Inge Lehmann discovered Earth's inner core in 1936 , Frances Birch in
1940 (wrongly) pronounced its composition to be partially crystallized
nickel-iron metal  believing that the Earth's mantle was of uniform
composition. But, as early as the 1930s, the seismologist, Keith Bullen,
pictured at left, recognized that the Earth's mantle is not uniform as previously thought.
He discovered that there is a major boundary which
separates the mantle into two parts. The lower mantle is featureless, while the
upper mantle appears like layers of veneer, as illustrated at right by earthquake wave
In the illustration at right, the seismic speeds of the shear
waves are indicated by a dashed line, the compression waves by a solid line.
Believing as Birch did that the Earth's mantle is of uniform composition,
geophysicists since have attempted to explained these layers as
"phase changes", different crystal structures of the same chemical composition
produced by pressure caused by the overburden weight of the mantle above.
also discovered a narrow band between the lower mantle and the core where
seismic "irregularities" occur.
When J. Marvin Herndon first conceived
of the inner core being fully crystallized nickel silicide , it was
like parting the curtains a bit and glimpsing an entirely new realm of
Earth science, a realm where discoveries could be made in a step-by-step
logical progression of understanding based upon the properties and
behavior of matter.
After an inspiring conversation with Inge Lehmann, Herndon, pictured at left, progressed through the following logical exercise: If
the inner core is in fact the compound nickel silicide, as he had suggested
(click here for pdf), then the Earth's core must be like the alloy portion of an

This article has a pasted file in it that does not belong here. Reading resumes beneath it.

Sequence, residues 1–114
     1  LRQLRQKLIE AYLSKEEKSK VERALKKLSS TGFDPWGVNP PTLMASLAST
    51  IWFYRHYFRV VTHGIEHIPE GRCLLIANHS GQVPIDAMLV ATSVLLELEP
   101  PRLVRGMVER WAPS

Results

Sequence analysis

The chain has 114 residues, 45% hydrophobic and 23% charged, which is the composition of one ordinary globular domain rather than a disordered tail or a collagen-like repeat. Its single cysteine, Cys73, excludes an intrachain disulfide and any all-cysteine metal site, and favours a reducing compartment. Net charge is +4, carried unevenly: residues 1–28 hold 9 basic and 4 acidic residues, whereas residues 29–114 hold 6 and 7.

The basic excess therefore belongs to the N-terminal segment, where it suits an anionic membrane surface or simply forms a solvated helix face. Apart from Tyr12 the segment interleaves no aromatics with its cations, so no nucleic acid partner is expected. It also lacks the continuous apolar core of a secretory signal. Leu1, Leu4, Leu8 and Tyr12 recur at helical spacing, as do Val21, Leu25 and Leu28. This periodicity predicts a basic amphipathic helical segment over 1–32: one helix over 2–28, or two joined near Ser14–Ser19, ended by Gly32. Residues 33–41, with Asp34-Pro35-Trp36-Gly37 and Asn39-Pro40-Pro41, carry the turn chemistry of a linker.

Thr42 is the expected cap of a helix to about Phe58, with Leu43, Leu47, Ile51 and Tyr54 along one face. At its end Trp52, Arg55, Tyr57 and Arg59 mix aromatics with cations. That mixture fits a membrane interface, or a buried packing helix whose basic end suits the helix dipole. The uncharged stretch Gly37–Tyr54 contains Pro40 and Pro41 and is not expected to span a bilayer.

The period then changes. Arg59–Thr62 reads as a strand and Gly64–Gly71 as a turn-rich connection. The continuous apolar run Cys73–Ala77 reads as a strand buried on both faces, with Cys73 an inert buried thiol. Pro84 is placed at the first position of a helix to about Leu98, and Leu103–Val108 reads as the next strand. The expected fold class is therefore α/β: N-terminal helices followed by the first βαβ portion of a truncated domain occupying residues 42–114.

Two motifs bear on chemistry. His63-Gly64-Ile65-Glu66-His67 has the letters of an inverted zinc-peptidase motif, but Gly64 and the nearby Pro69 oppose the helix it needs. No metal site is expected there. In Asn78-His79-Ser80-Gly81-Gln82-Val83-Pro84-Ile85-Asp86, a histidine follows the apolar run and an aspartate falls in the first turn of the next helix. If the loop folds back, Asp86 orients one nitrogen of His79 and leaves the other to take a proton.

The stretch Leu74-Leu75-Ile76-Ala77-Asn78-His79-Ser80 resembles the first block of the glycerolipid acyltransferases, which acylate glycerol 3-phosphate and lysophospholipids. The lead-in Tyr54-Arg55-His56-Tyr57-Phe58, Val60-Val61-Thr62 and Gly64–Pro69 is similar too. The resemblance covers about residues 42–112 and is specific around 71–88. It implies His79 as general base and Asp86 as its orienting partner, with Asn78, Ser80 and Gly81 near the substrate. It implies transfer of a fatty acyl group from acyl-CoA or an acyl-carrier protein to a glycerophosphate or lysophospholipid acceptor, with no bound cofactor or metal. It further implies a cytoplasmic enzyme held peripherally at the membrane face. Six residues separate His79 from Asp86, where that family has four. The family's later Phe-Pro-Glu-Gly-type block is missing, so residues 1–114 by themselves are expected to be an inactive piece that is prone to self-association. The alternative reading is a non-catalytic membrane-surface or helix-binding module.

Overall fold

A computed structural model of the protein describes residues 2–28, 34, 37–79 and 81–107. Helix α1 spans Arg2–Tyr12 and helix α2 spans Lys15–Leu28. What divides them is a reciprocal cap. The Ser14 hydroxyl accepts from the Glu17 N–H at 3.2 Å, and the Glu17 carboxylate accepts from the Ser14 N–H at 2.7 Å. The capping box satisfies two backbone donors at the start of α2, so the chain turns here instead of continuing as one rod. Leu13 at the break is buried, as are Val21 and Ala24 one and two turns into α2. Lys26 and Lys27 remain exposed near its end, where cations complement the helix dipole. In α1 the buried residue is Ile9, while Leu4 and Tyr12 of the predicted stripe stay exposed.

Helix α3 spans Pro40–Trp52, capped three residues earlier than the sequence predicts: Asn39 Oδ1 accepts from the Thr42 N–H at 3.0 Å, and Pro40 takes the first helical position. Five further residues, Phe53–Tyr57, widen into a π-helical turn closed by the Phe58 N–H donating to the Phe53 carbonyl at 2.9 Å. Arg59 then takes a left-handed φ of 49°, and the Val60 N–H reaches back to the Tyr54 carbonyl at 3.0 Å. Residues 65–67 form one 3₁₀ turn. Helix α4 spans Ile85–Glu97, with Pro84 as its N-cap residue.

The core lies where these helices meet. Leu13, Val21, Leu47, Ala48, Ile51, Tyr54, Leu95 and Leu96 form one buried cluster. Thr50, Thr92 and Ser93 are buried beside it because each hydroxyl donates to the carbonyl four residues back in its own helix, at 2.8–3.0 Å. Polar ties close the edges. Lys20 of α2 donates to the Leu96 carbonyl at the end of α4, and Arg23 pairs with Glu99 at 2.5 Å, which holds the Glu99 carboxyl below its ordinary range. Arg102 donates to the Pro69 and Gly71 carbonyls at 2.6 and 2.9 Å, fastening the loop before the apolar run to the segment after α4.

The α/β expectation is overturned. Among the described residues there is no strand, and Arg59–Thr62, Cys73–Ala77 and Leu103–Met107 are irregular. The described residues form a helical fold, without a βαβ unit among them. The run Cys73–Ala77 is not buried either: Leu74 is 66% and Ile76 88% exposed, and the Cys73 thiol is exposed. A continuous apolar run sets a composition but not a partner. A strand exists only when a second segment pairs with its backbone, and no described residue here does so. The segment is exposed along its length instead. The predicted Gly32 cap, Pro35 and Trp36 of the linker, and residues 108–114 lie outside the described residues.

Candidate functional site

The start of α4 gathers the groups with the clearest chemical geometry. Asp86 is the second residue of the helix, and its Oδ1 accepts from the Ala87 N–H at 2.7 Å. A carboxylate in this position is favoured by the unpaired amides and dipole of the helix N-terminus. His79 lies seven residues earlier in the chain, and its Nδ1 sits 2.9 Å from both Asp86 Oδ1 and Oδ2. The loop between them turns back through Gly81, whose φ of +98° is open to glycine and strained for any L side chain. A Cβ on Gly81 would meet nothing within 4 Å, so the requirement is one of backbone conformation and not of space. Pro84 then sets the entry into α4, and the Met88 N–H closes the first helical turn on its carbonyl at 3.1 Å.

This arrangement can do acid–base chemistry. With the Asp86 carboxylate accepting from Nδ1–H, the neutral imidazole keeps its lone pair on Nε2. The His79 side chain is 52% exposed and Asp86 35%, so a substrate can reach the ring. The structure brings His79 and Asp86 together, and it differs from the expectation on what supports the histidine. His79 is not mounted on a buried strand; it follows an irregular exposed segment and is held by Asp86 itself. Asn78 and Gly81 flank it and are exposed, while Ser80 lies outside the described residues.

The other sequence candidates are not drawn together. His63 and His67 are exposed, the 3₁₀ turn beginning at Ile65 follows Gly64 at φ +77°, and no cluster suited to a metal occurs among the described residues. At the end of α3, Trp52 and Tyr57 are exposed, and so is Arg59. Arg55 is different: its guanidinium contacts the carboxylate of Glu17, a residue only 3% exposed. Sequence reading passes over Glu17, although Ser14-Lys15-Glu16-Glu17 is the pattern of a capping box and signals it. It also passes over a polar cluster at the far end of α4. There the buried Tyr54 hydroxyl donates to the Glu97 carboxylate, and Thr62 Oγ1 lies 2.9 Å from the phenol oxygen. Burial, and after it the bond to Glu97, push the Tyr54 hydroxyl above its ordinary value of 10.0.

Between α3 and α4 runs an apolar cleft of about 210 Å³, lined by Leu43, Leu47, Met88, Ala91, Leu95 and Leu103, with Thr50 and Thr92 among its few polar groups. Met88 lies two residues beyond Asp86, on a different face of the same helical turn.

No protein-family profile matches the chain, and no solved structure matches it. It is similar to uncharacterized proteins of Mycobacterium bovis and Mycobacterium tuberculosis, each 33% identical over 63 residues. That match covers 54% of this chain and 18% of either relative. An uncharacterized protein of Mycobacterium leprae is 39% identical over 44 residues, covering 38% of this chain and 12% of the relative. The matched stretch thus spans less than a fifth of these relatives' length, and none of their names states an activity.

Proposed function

enstatite chondrite meteorite. If the Earth's core is in fact like the alloy
portion of an enstatite chondrite, then the Earth's core must be surrounded by a
silicate-rock shell, like the silicate-rock portion of an enstatite chondrite.
But the enstatite chondrite type of silicate-rock is essentially devoid of
oxidized iron (FeO), unlike the silicate-rock of the upper part of the upper
mantle, which contains appreciable FeO. Thus, the Earth's
enstatite-chondrite-like silicate-rock shell, if it exists, should be bounded by
a seismic "discontinuity", the boundary where earthquake waves change speed and
direction because of the different compositions.
Using only the mass of the Earth's
core, and the silicate-rock to alloy ratio of the Abee enstatite
chondrite, Herndon calculated the mass of the Earth's
enstatite-chondrite-like silicate-rock shell and found it virtually
identical to the mass of the Earth's lower mantle. He calculated the
boundary to within about 1.2% of the radius of the seismic discontinuity
that separates the lower mantle from the upper mantle. The table at left
shows the comparison between the fundamental mass ratios of the inner
82% of the Earth, the region below the seismic boundary that separates
the upper and lower mantle. What this means is that the Endo-Earth, the
inner 82% of the Earth, is like the Abee enstatite chondrite and the
chemical compositions of Endo-Earth parts can be estimated from
compositions of corresponding Abee parts [4-10].
In 1980, J. Marvin Herndon first published the discovery of that identity in the
Proceedings of the Royal Society of London in an article entitled "The
Chemical Composition of of the Interior Shells of the Earth"
(click here for pdf).
This also means that the seismic discontinuity which separates the lower mantle
from the upper mantle is a boundary between regions of different chemical compositions,
not simply different crystal structures having the same composition.
ordinary chondrites and enstatite chondrites consist mainly of iron metal, iron
sulfide, and silicate minerals. Imagine heating one of those meteorites to a